Explosive Glass Pyrex Coming to a Kitchen Near You?

pyrex dishes explosionMy collection of Pyrex baking pans: An explosion waiting to happen?

A hot Pyrex type glass baking dish can literally explode if placed on a cool surface like a sink counter top…In an illuminating article about the dangers of non-stick ceramic cooking ware, we advised readers of the risks involved in cooking with some types of ceramic cooking utensils following an exposure by a local Israeli TV program. The results of this revelation made us think about buying colorful ceramic cookware. And indeed in Israel some of this cooking ware being either taken off the market or sold at low “fire sale” prices by stores to get rid of existing stocks. What many people may not know, however, is a very serious risk involving the use of what is known as glass bake ware, sold for many years in under the brand name of Pyrex.

Studies conducted on Pyrex bake ware were published last month in the September edition of the Bulletin of the American Ceramic Society found that some of this glassware “is more susceptible than others to explosive shattering.”

Pyrex was the trade name given to this glassware by the American Corning Glass Company that originally began manufacturing this heat resistant glassware more than 80 years ago. The original Pyrex bake ware was made of a mixture known as borosilicate glass which contains at least 5% borosilicate oxide. This substance is what made the glass more resistant to extreme heat or cold; resulting in Corning claiming that it was possible to transfer a hot food dish “from oven to ice box.”

Later versions of Pyrex bake ware, however, were made of a less costly substance, soda-lime silicate, after Corning sold the Pyrex brand name  back in late 1990’s. European versions of the cookware continue to use the older, and safer, borosilicate glass, however.

The above study went on to say that one of the most common dangers of the soda-lime silicate versions is removing a hot baking pan from the oven and placing it on a cool counter top – especially a wet one. From a scientific standpoint, the heat tolerance of the borosilicate glass versions is as much as three times that of the soda-lime silicate ones  which can never be transferred “from oven to ice box.”

With so much adverse publicity going around involving the use of ceramic coated cookware and frying pans, many households have been resorting to cooking with iron or other types of cookware; including that of the long trusted Pyrex brand types.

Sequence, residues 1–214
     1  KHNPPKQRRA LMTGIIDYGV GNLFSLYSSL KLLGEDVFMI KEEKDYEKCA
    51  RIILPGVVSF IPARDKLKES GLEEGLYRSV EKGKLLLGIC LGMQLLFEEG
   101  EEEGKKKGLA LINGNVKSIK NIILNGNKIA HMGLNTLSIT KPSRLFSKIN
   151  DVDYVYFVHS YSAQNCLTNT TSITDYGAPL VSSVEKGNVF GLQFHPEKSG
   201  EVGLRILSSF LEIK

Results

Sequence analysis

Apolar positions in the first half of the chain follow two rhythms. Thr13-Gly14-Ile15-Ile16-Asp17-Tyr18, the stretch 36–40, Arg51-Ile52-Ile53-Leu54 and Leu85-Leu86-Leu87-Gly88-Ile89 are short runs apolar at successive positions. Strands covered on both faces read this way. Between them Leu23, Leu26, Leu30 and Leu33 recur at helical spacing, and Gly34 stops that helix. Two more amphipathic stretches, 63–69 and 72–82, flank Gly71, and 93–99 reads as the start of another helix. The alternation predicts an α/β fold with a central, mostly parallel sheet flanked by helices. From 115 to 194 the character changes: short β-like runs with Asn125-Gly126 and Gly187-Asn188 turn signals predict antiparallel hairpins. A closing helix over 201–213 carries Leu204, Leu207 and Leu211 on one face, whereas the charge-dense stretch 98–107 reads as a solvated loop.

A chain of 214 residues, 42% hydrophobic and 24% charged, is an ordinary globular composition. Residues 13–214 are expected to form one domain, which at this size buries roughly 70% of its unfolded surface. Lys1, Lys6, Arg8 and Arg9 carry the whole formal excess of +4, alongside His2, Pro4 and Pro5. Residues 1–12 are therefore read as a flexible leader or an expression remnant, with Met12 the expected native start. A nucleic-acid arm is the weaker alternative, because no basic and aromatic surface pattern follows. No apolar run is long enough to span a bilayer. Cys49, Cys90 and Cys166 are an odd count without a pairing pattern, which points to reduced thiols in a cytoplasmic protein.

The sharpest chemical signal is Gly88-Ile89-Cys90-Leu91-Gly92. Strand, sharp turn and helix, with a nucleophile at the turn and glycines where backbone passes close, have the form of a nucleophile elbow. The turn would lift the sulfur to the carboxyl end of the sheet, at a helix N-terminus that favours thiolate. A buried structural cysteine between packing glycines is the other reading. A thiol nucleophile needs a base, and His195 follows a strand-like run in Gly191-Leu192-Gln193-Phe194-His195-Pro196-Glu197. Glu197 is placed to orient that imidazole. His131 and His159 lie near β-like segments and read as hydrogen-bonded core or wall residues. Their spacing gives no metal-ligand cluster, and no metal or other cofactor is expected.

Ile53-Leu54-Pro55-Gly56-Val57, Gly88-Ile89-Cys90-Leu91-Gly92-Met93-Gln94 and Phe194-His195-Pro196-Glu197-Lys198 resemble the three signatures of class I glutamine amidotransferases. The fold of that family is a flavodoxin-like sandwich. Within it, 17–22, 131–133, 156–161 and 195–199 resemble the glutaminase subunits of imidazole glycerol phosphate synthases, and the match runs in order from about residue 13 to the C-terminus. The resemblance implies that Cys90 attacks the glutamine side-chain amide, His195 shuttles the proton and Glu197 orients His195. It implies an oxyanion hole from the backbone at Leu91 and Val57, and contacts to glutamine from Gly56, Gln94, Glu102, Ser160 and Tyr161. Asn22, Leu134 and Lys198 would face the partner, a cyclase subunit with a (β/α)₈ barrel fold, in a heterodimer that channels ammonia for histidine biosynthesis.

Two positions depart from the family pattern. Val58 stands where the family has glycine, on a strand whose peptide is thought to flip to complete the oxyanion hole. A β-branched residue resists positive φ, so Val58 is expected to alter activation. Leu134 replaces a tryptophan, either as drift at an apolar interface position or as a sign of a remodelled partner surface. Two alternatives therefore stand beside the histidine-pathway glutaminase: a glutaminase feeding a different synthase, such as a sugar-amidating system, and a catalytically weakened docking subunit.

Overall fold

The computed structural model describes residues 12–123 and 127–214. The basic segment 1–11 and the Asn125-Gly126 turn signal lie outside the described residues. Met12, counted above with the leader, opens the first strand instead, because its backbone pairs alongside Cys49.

Heat resistant glass baking ware is common place all over the Middle East. While much of it is made in Europe, especially in France, some does some from various origins under the Pyrex brand name made in the USA. As a result of the American Ceramic Society published study, it might be wise to check to see what substance the glass in that baking pan that you plan to purchase is actually made of. As for glass cookware already on hand, being a bit more prudent when removing a hot dish from a hot oven may prevent an explosive situation at the next family meal.

Tips for cooking safe:

To be on the safe side, read the product warnings when purchasing bakeware, and be ready for the idea that all glassware is breakable at some point. Use glassware in conventional ovens as the directions state, and be careful about placing them on ceramic or new-age stove tops. Lastly try to avoid sudden and extreme changes in temperature when can stress the glassware causing it to shatter.

A new report from CBS is that consumers should also be on the watch out for exploding glass shower doors, also prone to extreme changes in heat as you go from a hot shower to a cold one or vice versa. And this great piece by Wired explains how molten glass can ge made to be shock and heat resistant.

Read more on cooking ware and related products from ceramics:
Ceramic Cooking Pans May be Killing You With Color
Ceramic Cookware Fire Sale After TV Exposure
The Famous Potters of El Qasr
Explosion_Broken Glass_Burst: by Shutterstock

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